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“5 Things I Wish Someone Told Me Before I Became the CEO of Glofox” With Conor O’Loughlin

The simpler things in life become more valuable: At times the job consumes you so much that you miss out on things that everybody else enjoys normally. And don’t get me wrong, I wouldn’t be doing this if I didn’t love it, but you do miss some aspects of social and family life. That’s why, when […]

The simpler things in life become more valuable: At times the job consumes you so much that you miss out on things that everybody else enjoys normally. And don’t get me wrong, I wouldn’t be doing this if I didn’t love it, but you do miss some aspects of social and family life. That’s why, when you are with your family in the evening or on a vacation or meeting up with old friends, you savor these moments more. They also keep you grounded and give you a chance to recharge outside of the hectic life of running a business.


I had the pleasure to interview Conor O’Loughlin. Conor is the CEO and Co-Founder of Glofox, a boutique fitness management software which is an intuitive and complete software to engage your members and grow your business.


Thank you so much for joining us Conor! Can you tell us the story about what brought you to this specific career path?

I played professional rugby in Ireland up until I was 28 and unfortunately I had to retire due to injury. However, I always had a real interest in technology and business and it was in my mind to get into something like that at the end of my rugby career. I tried a couple of careers on for size after my retirement but nothing really fit until I started a consultancy agency for web and app development with by business partners Anthony Kelly and Finn Hegarty.

Originally we worked with businesses across a range of different industries before a particular project changed the direction of the company and ultimately our lives. We developed an app for a high-intensity fitness studio that would allow their members to book into classes. We all realized this was a particularly under-serviced area and decided to refocus the business on providing business management software and apps for fitness studios and gyms.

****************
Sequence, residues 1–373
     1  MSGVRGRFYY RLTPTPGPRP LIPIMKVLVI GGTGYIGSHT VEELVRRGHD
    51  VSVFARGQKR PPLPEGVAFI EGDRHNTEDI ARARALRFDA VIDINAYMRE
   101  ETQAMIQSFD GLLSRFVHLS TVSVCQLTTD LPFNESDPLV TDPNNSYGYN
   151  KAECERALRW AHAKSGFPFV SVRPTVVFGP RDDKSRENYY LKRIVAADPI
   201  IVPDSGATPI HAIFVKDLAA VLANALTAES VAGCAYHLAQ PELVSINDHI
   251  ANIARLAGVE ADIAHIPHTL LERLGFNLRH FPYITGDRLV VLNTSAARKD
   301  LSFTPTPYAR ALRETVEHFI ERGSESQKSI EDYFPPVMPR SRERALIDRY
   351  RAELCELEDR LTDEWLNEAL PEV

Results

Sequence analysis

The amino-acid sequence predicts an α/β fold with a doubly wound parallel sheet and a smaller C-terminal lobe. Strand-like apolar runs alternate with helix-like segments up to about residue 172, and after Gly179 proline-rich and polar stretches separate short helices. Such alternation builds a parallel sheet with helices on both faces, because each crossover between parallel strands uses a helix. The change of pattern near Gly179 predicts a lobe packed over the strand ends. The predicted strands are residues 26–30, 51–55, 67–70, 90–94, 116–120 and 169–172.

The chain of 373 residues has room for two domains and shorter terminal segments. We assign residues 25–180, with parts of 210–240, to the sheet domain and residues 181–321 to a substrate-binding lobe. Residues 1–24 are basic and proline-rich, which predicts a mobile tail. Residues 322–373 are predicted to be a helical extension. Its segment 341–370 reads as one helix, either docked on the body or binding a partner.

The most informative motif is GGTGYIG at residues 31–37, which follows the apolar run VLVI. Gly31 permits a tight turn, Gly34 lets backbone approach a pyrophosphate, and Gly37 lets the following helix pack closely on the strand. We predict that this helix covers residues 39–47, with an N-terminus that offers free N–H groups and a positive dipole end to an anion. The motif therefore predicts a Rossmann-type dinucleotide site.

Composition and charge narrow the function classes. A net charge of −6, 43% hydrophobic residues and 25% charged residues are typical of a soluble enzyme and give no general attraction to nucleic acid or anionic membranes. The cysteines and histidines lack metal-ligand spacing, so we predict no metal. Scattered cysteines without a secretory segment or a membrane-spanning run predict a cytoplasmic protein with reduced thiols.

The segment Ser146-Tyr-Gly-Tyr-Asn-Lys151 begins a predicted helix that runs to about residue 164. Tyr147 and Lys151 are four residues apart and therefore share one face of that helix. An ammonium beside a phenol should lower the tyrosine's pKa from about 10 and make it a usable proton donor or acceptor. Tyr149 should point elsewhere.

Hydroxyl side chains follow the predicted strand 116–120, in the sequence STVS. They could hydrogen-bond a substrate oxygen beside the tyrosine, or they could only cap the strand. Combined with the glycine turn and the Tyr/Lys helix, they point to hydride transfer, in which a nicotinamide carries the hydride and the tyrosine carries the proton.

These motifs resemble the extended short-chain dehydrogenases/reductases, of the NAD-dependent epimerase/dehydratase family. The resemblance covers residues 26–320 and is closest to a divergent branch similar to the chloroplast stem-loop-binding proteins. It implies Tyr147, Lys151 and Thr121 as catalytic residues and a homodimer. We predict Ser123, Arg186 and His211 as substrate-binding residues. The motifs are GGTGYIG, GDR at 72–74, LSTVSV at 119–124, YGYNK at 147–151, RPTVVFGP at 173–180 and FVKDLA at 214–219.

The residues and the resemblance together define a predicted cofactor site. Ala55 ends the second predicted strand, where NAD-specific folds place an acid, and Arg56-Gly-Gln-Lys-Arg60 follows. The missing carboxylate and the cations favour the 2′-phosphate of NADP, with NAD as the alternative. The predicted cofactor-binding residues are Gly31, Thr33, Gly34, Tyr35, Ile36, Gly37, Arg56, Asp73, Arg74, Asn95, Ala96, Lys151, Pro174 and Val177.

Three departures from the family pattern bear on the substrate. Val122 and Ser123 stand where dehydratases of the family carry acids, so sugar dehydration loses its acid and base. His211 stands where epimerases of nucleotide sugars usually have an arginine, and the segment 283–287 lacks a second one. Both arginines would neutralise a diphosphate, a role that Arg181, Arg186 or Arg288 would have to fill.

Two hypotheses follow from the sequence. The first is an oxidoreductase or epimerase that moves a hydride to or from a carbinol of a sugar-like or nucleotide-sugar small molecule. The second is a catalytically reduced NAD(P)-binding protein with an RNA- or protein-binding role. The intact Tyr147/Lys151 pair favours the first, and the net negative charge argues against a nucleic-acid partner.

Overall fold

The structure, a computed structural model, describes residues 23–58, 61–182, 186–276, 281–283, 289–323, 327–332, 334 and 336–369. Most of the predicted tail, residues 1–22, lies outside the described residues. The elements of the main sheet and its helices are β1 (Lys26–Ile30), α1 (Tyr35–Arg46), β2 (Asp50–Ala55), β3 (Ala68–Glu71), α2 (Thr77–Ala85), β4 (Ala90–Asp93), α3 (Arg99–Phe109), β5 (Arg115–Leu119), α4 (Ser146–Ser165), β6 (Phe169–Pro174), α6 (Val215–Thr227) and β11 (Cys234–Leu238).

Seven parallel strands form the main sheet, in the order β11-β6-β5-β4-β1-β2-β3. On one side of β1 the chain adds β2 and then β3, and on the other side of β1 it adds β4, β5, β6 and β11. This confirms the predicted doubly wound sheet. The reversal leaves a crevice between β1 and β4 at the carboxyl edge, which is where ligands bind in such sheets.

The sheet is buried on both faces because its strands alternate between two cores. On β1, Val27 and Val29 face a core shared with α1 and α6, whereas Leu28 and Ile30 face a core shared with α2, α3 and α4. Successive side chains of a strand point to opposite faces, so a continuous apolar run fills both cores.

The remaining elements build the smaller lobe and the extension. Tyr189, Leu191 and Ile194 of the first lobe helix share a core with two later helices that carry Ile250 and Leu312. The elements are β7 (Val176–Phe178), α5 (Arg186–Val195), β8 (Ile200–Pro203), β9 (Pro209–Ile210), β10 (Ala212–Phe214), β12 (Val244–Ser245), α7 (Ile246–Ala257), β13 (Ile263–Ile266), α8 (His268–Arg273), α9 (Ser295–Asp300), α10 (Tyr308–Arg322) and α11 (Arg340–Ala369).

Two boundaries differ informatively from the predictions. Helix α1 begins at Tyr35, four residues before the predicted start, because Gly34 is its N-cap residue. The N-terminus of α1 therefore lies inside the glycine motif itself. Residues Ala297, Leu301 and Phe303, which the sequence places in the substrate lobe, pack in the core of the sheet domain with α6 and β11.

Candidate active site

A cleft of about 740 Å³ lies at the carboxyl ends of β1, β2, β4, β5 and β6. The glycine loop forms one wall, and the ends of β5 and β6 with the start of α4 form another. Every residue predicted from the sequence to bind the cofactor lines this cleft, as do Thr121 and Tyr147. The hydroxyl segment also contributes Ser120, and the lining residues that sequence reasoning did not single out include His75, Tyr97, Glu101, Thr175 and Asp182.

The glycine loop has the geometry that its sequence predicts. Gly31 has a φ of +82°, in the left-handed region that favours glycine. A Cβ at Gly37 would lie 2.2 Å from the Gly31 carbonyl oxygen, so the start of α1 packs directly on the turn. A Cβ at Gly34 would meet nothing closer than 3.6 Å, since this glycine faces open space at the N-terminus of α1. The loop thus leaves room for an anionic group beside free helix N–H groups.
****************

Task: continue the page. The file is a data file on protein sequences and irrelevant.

We called the company Glofox and made the decision early on to focus on servicing boutique fitness studios rather than traditional gyms. We did this to differentiate us from other service providers and because we realized that boutique fitness was not just a trend in the industry, it was actually changing the way the industry operated. And I think we have been justified in making that decision in that now we are the global software provider for the fastest growing boutique fitness franchise in F45.

Can you share one of the major challenges you encountered when first leading the company? What lesson did you learn from that?

I believe scaling the team from the three original co-founders was a challenge. It can be difficult to attract experienced talent at the very beginning as you have to convince them to jump ship from a secure job into a situation that can be at times chaotic. On the other hand, it’s easier to attract more hungry, albeit inexperienced talent who are eager to grow with the business.

Even if you manage to attract both types, the challenge is then to grow this team harmoniously in the hope you will establish teams in each area of the business that can ultimately accelerate your growth. Inevitably there will be hires that don’t work out and this in the case in both types of hires I have mentioned. For the experienced person, the chaotic nature of a start-up just doesn’t suit them. For the young and hungry go-getter, there may be a skillset they are lacking that you need to get to the next level.